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Obese Patients Face Higher Risks During Heart Surgery

May 28, 2012

(Ivanhoe Newswire) — A new study shows that oxidative stress may put obese patients at an increased risk of developing kidney damage after heart surgery. Oxidative stress generates harmful unstable reactive oxygen molecules. The study is appearing in the upcoming issue of the Journal of the American Society of Nephrology (JASN).

More studies are needed to see if effective antioxidants can help reduce the risk. Acute kidney injury (AKI) affects 5% to 30% of heart surgery patients. AKI is an abrupt decline in kidney function and sometimes arises after heart surgery because the kidneys are deprived of normal blood flow during the procedure.

Frederic Billings IV, MD (Vanderbilt University School of Medicine) and members of his team evaluated information gathered from 445 heart surgery patients, 25% of whom developed AKI. The major findings of the study showed obese patients had an increased risk of developing AKI; and that oxidative stress plays a role in the link between obesity and AKI.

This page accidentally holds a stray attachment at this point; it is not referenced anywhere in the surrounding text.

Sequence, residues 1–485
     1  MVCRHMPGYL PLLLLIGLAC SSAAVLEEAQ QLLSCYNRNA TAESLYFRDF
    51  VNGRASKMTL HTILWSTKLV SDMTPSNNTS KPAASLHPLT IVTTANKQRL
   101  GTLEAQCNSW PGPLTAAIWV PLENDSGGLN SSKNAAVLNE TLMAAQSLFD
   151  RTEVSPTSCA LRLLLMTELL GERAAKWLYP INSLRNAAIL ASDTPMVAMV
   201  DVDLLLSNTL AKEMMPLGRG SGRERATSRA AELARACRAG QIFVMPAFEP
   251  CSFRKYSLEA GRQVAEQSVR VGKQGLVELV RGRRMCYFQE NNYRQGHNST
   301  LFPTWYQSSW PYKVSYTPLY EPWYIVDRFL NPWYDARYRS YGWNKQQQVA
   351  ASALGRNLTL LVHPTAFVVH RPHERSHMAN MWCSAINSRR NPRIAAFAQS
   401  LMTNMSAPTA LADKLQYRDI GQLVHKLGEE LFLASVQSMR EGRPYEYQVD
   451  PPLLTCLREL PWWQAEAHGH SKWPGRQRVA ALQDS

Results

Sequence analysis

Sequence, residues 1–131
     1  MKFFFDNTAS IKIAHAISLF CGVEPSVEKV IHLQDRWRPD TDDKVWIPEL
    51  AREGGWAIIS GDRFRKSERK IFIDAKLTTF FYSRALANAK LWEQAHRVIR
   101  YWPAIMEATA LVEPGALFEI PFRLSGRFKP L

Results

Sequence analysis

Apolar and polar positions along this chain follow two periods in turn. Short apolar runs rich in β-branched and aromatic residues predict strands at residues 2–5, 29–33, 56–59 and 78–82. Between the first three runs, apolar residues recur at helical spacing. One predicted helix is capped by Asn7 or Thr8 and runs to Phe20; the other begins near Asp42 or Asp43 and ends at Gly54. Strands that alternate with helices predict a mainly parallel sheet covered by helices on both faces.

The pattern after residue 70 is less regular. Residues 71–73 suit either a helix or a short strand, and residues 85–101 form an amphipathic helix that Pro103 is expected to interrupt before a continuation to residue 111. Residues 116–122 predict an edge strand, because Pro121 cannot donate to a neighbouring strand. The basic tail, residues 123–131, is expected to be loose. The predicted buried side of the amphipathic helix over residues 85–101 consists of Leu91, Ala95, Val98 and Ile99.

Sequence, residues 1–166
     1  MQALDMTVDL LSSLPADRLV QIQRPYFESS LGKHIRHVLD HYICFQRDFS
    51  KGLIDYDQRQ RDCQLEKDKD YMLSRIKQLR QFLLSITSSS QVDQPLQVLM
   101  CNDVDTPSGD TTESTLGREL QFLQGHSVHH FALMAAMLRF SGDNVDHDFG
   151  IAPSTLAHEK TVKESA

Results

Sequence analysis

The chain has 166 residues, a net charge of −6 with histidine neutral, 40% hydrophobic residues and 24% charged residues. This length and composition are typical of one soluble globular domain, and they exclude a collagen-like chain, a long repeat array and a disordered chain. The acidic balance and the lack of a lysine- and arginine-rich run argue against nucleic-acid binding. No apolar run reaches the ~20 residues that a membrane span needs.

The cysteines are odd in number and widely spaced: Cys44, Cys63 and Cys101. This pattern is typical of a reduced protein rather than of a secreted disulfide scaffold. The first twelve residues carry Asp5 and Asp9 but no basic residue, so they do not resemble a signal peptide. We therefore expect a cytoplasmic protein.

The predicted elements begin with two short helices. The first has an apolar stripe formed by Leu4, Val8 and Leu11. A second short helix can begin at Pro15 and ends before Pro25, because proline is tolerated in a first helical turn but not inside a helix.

“The identification of oxidative stress during surgery as a possible mechanism for the development of kidney injury following surgery provides an opportunity to develop and test therapeutic treatments for surgical patients,” Dr. Billings was quoted as saying.

SOURCE: American Society of Nephrology, May 2012


Source: Ivanhoe Newswire



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